I’m often asked at book signings and other public events about the process of writing and publishing. How long does it take to write a novel, and what happens after you’re done? In this blog I’ll cover some of the different aspects of the process from my perspective. I’ll start at the beginning: the story seed.
How does the idea for a book begin? It could be anything, an interesting situation from real life, a scene from a movie that gets you thinking, a smell that reminds you of childhood summers, or maybe you read a book and thought to yourself, “I could do something like this.”
Once you have an idea for a story, the creation process begins. I’m not going to get into the specifics of how to write fiction or all the things people say you should do before you start your first novel. If you want lessons to hone your craft, there are roughly fourteen bajillion books about writing on the market. Some are helpful, others not so much. Or check out one of my earlier blogs here on Black Gate (Nobody Gets Out Alive: Writing Advice from the Cheap Seats).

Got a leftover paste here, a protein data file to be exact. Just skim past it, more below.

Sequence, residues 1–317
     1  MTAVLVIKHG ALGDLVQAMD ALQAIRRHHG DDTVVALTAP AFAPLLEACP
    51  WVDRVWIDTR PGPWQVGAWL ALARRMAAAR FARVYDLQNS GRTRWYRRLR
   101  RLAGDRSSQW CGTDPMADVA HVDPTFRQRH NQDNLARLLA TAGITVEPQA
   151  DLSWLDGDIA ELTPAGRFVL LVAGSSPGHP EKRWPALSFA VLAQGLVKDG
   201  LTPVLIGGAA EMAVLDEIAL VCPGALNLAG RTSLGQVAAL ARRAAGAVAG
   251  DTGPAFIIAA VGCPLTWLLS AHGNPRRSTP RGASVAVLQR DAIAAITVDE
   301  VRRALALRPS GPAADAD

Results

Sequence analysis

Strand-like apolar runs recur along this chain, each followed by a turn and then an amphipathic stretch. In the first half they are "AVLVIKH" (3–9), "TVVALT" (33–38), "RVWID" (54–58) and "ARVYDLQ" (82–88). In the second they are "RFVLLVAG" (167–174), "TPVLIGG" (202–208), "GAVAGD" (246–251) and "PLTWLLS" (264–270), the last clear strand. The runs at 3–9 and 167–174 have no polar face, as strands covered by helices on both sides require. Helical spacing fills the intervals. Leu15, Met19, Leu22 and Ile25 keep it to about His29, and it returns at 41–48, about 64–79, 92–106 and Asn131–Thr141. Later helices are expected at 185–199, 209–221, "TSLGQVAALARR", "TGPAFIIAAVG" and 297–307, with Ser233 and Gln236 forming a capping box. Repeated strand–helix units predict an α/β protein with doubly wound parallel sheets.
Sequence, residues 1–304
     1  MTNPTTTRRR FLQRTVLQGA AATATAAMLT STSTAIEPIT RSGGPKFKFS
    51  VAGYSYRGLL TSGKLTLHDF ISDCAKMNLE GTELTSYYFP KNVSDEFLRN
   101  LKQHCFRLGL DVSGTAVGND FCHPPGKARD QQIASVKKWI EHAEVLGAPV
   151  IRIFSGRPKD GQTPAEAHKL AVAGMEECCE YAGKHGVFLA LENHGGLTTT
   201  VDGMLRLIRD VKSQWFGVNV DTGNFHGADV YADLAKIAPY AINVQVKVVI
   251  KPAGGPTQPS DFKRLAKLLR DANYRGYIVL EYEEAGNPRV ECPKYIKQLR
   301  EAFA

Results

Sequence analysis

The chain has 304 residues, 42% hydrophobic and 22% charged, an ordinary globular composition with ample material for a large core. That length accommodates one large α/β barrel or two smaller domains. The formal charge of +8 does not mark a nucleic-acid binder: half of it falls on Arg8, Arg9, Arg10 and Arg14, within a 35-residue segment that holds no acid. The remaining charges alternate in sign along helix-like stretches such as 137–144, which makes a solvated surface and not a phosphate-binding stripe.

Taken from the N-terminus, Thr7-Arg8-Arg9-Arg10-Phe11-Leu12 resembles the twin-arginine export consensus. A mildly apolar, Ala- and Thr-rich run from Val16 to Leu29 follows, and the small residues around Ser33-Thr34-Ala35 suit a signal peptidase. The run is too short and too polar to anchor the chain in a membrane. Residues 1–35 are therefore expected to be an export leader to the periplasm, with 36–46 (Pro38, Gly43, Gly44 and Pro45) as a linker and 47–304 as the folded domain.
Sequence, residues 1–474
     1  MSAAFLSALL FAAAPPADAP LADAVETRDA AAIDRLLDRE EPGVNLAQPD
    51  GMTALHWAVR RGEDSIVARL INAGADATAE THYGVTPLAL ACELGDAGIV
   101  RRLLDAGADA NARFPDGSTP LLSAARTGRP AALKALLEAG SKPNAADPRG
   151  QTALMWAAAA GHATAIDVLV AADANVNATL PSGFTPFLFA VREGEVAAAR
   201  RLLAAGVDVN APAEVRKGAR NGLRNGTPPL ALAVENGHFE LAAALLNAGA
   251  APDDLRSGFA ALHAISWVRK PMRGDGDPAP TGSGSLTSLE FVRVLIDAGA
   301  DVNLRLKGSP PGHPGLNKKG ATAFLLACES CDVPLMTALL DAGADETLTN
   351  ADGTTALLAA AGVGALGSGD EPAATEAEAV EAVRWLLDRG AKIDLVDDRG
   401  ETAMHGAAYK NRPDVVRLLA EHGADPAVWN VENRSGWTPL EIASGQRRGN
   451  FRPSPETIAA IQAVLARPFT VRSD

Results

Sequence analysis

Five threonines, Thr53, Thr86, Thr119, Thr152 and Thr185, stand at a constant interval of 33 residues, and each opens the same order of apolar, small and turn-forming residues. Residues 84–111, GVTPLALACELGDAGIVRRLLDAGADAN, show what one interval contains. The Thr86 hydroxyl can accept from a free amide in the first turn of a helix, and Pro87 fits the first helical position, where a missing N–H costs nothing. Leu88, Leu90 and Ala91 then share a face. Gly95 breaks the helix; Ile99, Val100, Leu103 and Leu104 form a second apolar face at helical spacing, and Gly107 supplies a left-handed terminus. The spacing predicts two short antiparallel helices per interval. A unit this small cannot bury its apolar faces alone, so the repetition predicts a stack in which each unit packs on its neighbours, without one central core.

So how does that initial spark transform into a living, breathing novel? For me, the first thing is make sure I’ve got a viable story idea. You can write about almost any situation that humans (or nonhumans) find themselves in, but to hold a reader’s interest for three or four hundred pages is a tall order. Not every story idea can stand up to that. So I daydream. Yep. I sit at my desk and daydream about the idea. I wonder where would be the ideal setting for this story. What kinds of characters would play the lead roles? Most importantly, where’s my conflict? Is it a story about love, honor, war, spelling bees, or horse whispering? As the idea grows, I write everything down. Much of this will get tossed out at some point, but it’s important to record it all now before the magic of the idea wanes.